Novak to Lead Instrument Shop

Giles Novak has been appointed as the new faculty director of the Tech Instrument Shop – Evanston for a three-year period beginning in June. In this position, Novak will directly oversee the shop, a full-service machining, fabrication and repair facility that has been supporting the research mission of the University for approximately 40 years. 
Among his responsibilities as faculty director, Novak will chair the faculty advisory committee, supervise staff and their professional development, lead fundraising efforts to expand the shop’s capabilities and services, and partner with the Office for Research to make strategic decisions to ensure its financial stability. 
The faculty advisory committee includes:
Giles Novak, physics and astronomy, committee chair
Michael Bedzyk, materials science and engineering
Kornel Ehmann, mechanical engineering
Matthew Grayson, electrical engineering and computer science
William Halperin, physics and astronomy
Elad Harel, chemistry
Harold Kung, chemical and biological engineering
Richard Van Duyne, chemistry
Gary Wojtowicz, facilities management
Novak is Professor of Physics and Astronomy, and his research is in the area of astrophysics and astrophysical instrumentation. His research group is currently building instrumentation for balloon-borne as well as high altitude ground-based telescopes, which they will use to observe cold Galactic clouds where new stars are forming.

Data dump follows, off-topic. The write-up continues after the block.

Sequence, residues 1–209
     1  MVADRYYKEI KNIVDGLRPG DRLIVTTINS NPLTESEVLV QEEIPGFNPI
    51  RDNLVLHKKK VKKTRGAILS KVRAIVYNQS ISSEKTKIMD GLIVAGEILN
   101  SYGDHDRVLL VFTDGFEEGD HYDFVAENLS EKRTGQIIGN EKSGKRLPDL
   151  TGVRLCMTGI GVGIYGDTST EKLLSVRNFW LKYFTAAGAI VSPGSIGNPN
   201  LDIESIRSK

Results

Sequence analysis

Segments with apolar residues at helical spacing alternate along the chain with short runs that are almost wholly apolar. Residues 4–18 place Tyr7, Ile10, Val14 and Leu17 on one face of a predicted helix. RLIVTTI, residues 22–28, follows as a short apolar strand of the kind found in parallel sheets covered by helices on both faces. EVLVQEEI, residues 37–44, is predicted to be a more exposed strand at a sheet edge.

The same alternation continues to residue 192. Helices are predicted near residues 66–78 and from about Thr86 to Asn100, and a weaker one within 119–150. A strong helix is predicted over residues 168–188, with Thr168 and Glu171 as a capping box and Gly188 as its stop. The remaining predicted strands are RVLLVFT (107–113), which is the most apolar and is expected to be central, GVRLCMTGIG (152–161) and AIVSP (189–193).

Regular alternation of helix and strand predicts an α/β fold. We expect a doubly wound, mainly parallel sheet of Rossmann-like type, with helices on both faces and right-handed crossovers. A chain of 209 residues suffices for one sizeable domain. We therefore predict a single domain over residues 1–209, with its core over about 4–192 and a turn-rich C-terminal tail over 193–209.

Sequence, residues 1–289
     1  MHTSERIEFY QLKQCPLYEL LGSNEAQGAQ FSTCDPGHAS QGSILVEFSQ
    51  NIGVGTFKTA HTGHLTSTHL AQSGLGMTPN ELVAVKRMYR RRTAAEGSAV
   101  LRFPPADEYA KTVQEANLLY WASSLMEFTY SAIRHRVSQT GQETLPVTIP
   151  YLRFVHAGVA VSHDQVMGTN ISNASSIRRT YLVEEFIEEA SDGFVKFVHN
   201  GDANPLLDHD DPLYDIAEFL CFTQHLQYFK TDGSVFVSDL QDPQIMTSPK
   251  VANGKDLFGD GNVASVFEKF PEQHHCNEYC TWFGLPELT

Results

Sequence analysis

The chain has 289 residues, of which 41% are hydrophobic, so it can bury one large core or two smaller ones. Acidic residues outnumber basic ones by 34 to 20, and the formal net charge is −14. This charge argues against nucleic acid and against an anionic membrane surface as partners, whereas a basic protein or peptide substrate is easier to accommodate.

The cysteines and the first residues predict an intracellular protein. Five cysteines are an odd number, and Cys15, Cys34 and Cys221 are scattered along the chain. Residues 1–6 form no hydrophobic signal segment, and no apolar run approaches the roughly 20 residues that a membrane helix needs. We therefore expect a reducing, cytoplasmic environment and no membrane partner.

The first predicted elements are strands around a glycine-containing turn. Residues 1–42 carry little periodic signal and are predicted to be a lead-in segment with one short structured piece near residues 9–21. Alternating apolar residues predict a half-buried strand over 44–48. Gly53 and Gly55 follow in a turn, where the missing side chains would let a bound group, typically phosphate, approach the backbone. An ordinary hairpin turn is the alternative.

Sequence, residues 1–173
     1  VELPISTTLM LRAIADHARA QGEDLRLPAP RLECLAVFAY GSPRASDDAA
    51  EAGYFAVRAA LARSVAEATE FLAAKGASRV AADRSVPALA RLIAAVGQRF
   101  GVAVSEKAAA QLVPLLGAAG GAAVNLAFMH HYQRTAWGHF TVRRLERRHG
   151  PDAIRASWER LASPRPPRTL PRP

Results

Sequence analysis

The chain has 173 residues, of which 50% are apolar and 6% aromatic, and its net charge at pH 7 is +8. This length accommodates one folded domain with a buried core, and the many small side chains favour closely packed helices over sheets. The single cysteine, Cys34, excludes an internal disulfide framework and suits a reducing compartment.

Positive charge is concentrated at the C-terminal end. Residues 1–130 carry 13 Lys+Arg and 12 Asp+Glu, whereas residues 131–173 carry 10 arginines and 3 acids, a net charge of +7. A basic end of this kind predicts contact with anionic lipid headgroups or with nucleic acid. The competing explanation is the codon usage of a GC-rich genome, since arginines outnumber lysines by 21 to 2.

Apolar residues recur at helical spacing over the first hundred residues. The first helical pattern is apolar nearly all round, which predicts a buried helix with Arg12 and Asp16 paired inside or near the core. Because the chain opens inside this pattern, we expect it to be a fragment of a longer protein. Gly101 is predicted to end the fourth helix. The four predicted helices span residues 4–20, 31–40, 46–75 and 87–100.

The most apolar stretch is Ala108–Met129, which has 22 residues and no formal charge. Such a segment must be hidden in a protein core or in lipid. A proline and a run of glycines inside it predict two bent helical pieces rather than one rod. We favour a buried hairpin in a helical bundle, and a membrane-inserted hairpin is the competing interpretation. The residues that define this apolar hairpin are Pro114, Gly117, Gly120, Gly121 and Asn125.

He received his PhD in physics from the University of Chicago in 1988, followed by postdoctoral research at the University of Massachusetts and Princeton University, before joining the faculty of Northwestern in 1993. 
Novak has served on the Kuiper Airborne Observatory User’s Group, SOFIA Science Steering Group, NASA-APRA and NSF astronomy division proposal review panels, and the National Science and Engineering Research Council Physics Evaluation Group of Canada. He was also the lead author of the SOFIA Design Reference Mission Case on “Magnetic Fields, Turbulence, and Star Formation.”
"The Instrument Shop performs a vital service to researchers,” says Novak, "not least because of the training it provides to graduate students who learn design skills via their interactions with the shop's experienced instrument builders."